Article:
Tuesday, December 16, 2008

The Ensaimada

Chapter 6

The ensaimada takes its name from the word saim, or lard in Mallorquin and Catalán, so it means larded. The first known mention of the ensaimada was in the 17th century although its origins are not clear. These light and sweet coiled buns, dusted with powdered sugar and measuring around 12.5 cm (5 inches) in diameter, are eaten for breakfast or as a midmorning snack.

Larger ensaimadas, around 24 cms across, are usually cut horizontally and filled with a sweet jam made from angel hair squash, whipped cream or even a creamy sobresada (mallorcan sausage) before being dusted with sugar and placed in their distinctive octagonal boxes. The boxes are a familiar sight in Palma’s Son San Juan airport, as visitors to the island carry them home, often several at a time, tied together with string. A newcomer to the island could wonder what was in those strange boxes.

In 2004, the Mallorcan ensaimada was given a protected denomination of origin or IGP status, Indicación Geográfica Protegida, awarded by the European Commission with the name Ensaimada De Mallorca to protect its distribution by unauthorized sources which did not comply with the strict artesanial production method.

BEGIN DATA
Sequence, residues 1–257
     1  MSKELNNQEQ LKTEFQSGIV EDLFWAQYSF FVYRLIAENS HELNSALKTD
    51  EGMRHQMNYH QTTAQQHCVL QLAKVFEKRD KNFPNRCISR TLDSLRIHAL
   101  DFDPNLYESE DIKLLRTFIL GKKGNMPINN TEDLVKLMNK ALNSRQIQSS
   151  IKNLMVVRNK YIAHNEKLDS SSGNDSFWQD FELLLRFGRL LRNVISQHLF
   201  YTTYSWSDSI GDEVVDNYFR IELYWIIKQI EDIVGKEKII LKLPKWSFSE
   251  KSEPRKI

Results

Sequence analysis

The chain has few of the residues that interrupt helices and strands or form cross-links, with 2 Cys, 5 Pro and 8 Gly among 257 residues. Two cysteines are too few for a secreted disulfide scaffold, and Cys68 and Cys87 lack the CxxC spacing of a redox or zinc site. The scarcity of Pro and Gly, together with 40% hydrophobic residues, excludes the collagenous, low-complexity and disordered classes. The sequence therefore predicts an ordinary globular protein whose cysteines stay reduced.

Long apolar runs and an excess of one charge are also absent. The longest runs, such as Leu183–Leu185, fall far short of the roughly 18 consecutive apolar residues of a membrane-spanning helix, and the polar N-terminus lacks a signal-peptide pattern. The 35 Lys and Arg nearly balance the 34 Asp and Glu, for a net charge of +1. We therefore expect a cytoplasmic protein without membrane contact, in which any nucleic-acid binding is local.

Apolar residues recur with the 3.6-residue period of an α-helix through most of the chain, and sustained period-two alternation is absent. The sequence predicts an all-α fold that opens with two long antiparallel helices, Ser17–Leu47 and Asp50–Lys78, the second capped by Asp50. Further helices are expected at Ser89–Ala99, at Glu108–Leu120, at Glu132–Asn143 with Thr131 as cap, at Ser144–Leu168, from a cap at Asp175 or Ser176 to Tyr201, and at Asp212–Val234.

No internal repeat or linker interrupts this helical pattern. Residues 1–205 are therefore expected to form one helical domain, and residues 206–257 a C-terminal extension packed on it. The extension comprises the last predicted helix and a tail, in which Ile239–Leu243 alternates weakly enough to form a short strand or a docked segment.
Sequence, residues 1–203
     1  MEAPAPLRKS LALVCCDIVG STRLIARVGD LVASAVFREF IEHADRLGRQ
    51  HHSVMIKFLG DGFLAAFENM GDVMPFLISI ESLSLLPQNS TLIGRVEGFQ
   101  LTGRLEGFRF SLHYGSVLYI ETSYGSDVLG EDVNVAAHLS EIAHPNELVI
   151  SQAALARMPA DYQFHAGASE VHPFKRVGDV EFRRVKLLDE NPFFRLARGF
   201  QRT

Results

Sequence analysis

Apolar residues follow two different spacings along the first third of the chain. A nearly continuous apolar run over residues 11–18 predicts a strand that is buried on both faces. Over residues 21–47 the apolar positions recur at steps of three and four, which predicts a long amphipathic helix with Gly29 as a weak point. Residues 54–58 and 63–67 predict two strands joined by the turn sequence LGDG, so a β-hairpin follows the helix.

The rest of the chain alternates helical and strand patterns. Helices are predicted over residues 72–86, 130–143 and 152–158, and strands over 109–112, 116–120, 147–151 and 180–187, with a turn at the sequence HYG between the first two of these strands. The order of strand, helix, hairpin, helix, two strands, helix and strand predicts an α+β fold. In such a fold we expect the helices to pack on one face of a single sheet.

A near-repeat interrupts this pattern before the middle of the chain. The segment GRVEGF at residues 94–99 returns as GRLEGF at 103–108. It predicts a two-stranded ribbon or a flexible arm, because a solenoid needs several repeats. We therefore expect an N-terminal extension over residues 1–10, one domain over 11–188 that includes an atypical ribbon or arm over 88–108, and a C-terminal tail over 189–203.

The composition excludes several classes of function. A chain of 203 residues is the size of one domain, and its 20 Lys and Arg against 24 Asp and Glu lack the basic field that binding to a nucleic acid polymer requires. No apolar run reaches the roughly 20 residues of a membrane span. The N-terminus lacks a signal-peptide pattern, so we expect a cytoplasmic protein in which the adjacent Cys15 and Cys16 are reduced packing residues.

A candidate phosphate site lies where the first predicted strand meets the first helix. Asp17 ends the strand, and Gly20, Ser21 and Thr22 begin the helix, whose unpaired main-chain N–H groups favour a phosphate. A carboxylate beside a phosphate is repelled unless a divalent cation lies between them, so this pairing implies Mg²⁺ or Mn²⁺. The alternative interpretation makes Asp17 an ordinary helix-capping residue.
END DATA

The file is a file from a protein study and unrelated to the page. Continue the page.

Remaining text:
Ensaimadas are not easy to make and require an experienced handling of the dough and two overnight fermentation periods. The ingredients are: flour, sugar, eggs, water, yeast and lard. Once the ingredients are mixed together, the dough is divided into soft balls and left to rise. Each one is later rolled out into a tongue shape, slathered with lard and carefully stretched into a thin layer of dough which is gathered into a sausage shape, coiled and left to rest for a minimum of 24 hours in the refrigerator.

Smearing the dough with lard.

The next day, after the dough has rested and fermented, it is uncoiled and stretched out again into a long sausage shape. The dough for the small buns is stretched to about 25 cm and for the large ones up to 2 meters in length.

Rolling the thin dough into a sausage shape.

These long sausages of dough are then coiled onto oiled baking sheets, with space between the coils, and are again refrigerated for a minimum of 12 hours by which time they have risen and the dough has filled the spaces. They are then baked, cooled and either sliced and filled or dusted with powdered sugar.

Coiling the dough for the final rise.

In the city of San Pedro, north of Buenos Aires, Argentina, the art of making the ensaimada was introduced in the last century by immigrants from Mallorca.
Here is a link to a video (commentary in Spanish) made in a San Pedro bakery, “La Ensaimada”, which demonstrates how ensaimadas are made.

There are also good photos on the link of illes balears qualitat, from where I have adapted their photos of making the ensaimada.

Continue on to Chapter 7......Around Palma 1968

Go back to Chapter 5......Son Armadams & The Colmado

No comments:

Related Posts with Thumbnails